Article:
If as an audience we find ourselves bewildered by “what is happening” in Jean-Luc Godard’s new film Prénom: Carmen, this, in my opinion, is not because Godard is “subjectivistic” or “narcissistic” or “misogynistic” or contemptuous of his audience, as Fr. Robert E. Lauder seems to think (in his Dec. column). Rather, it is because our bewilderment as an audience is a dramatically necessary factor in Godard’s artful resolution of this bewilderment. This resolution, which in Prénom: Carmen takes the form of an abrupt revelation of what it is that comes “before the name” Carmen, is accomplished with great effect.
However, in order to know — or rather, in order to see — what comes “before the name” Carmen, we have to be content with playing the role of Narses’s wife, who in Jean Giraudoux’s play Electra cries out, “Electra, what is happening?”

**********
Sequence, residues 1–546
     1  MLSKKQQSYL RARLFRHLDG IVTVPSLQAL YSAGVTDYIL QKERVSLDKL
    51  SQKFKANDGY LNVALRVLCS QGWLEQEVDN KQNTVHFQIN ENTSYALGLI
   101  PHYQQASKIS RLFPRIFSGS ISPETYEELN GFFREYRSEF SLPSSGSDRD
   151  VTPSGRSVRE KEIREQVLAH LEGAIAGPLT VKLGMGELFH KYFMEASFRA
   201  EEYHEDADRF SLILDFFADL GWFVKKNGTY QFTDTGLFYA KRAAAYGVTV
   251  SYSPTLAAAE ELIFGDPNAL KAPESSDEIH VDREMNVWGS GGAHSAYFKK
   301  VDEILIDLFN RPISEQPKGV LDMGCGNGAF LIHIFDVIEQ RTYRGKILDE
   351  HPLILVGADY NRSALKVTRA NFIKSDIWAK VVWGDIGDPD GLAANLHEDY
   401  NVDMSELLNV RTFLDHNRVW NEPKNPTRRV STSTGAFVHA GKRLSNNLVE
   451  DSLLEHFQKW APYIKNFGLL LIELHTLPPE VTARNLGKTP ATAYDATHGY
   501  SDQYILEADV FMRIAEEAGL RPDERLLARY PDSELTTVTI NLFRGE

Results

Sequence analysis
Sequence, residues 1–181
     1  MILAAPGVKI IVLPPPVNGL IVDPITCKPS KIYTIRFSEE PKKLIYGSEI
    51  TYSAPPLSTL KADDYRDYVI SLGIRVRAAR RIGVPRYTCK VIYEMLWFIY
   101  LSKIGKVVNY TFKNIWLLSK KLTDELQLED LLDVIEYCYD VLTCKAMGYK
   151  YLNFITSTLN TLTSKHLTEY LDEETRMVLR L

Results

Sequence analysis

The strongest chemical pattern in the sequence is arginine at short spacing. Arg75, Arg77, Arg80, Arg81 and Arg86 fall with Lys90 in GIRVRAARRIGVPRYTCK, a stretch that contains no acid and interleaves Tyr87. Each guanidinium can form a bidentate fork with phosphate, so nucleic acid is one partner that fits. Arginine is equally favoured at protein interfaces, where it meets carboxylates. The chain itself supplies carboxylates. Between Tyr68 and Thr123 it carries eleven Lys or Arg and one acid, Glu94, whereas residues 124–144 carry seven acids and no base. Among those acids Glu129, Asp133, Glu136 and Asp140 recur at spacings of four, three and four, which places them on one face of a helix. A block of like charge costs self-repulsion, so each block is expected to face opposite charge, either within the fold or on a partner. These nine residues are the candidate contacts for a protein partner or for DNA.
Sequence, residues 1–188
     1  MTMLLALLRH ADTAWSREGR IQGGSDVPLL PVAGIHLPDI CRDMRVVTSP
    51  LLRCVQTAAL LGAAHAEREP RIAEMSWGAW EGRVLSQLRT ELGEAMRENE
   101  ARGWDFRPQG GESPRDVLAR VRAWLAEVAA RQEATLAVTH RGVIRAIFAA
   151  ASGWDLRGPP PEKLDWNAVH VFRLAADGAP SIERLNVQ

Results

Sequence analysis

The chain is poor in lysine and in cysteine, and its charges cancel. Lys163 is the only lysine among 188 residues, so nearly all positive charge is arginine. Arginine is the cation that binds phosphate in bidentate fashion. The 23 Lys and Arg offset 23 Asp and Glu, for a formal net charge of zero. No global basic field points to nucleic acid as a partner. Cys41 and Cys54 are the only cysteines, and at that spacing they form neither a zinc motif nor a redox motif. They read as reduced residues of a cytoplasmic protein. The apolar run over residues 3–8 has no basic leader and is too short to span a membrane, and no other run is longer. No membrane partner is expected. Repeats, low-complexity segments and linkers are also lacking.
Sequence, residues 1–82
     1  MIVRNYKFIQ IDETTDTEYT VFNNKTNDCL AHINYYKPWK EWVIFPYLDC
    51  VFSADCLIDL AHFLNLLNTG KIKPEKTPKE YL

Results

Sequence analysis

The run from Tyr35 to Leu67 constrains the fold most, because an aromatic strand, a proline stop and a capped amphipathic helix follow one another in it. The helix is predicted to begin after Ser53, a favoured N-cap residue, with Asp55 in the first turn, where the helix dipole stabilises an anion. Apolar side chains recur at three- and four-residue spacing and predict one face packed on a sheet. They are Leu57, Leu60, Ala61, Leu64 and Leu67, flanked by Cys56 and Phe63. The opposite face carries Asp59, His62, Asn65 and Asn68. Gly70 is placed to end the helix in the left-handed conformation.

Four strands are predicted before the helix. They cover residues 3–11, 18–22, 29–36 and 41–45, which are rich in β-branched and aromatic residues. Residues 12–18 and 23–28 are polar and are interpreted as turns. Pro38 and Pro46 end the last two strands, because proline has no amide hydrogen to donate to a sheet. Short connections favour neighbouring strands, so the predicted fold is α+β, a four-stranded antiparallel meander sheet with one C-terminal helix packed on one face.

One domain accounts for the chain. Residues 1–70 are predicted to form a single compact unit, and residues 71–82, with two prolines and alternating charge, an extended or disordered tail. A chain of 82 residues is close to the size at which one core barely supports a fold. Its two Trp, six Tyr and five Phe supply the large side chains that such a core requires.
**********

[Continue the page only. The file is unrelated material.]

The reference to Giraudoux is not mine, but Godard’s. If Prosper Merimee’s short story Carmen and Georges Bizet’s opera Carmen are the texts of Godard’s film, Giraudoux’s Electra is its subtext. Electra, rebel daughter of Clytemnestra, is that fatal beauty who “mingles day with night and makes even the light of the moon seem ambiguous”; but for Godard, she is more than this: she is the cinema. (When in the movie, Carmen tries to cajole Godard, playing “himself” as a washed-up filmmaker, into helping her make a film, Godard calls her by the name Electra, “the kid,” he says, “who doesn’t get along with her mother.”)
But for Carmen/Electra, filmmaking is a pretext for robbing a bank; whereas for Godard, it is always necessary to rob a bank (in one way or another) in order to make a film.
Like Electra, Carmen is a terrorist in the service of Justice. And things, in the end, turn out badly. But we know the stories of Carmen and Electra; what we do not know is what comes “before the name” Carmen. As I say, we will have to play the role of Narses’s wife in order to find out.